Emergency Medical Care for Children
"Children are not small adults," states Dr. Mary Christine Bailey, Medical Director of Newton Wellesley Hospital's new Pediatric Emergency Department. "Children have a unique physiology", explains Dr. Bailey. "They respond differently to trauma, medications and clinical interventions." Bailey, who is also a Board Certified Pediatrician, has undergone fellowship training to become Sub-boarded in Pediatric Emergency Medicine. She is one of three such specialists staffing this new and unique community hospital emergency department specifically designed for infants, children and adolescents.
Any parent, who has rushed their child to an emergency room, can testify that children's needs go far beyond the physical in their experience of an acute illness or traumatic injury. A child's age, size and stage of physical, emotional and intellectual development plays a major role in their responses to every experience, especially a crisis. Surprisingly, widespread recognition of the unique emergency medical needs of children is relatively new. In the early 1980s, the American Academy of Pediatrics (AAP) among other professional groups and organizations, began to actively address both the emergency health care needs of children and ways to create services which would better meet these needs. In 1981, the AAP founded a special section of its organization on Emergency Medicine with the purpose of..." providing a forum for the discussion of problems relating to the treatment and care of pediatric cases in the emergency department" and a mission "to sustain, develop and promote the delivery of optimal emergency care for acutely ill and injured children and adolescents."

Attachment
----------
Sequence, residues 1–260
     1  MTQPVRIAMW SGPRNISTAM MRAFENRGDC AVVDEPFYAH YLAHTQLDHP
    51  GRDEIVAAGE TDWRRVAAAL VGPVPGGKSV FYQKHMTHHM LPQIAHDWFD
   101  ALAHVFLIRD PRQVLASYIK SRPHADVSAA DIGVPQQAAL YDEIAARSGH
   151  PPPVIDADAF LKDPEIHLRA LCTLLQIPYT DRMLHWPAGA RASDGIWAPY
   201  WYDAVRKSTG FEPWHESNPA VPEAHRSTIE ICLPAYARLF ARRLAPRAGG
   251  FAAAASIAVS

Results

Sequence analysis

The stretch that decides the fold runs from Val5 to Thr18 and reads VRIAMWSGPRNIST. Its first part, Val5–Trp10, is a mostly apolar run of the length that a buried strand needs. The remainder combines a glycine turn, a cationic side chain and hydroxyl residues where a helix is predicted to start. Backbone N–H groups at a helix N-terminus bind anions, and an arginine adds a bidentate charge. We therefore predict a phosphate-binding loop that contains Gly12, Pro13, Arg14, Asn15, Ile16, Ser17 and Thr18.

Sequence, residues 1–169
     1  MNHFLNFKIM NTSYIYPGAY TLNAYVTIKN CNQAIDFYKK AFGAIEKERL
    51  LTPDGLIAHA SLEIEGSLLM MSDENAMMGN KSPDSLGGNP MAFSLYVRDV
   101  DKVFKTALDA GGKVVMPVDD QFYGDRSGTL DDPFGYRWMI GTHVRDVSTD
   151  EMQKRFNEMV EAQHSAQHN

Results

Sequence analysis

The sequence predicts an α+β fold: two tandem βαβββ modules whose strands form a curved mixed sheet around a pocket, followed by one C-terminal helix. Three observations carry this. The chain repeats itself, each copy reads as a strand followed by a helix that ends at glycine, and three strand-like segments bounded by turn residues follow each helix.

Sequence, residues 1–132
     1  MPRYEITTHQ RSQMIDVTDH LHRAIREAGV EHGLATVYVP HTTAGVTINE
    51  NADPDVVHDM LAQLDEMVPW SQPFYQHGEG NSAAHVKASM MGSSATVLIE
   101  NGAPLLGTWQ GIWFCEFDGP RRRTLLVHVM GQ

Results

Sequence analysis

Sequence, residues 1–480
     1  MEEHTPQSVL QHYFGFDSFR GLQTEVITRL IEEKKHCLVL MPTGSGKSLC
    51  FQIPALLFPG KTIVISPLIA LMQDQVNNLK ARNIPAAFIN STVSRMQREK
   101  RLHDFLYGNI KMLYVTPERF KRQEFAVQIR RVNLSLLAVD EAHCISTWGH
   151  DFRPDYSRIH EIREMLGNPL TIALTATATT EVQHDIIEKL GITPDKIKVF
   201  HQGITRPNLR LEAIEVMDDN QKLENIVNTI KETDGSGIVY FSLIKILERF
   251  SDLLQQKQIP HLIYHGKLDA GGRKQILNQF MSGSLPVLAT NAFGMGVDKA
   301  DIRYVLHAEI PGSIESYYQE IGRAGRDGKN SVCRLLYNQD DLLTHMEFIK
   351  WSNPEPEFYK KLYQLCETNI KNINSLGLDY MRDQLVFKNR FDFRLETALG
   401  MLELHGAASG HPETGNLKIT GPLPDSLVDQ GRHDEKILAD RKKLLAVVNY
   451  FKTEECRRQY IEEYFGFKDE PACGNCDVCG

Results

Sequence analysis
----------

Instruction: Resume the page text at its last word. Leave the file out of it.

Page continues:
Optimal Emergency Care for Children
Newton-Wellesley's Pediatric Emergency Department serves as a good example of recommendations for optimal pediatric emergency care put forth by the American Academy of Pediatrics. The Pediatric Emergency Department, a division of the Hospital's general Emergency Department, is open from noon to midnight, the peak hours for children's medical emergencies. Pediatric Emergency Medicine specialists, who understand and are trained in the unique physiologic and psychosocial needs of children, staff the department.
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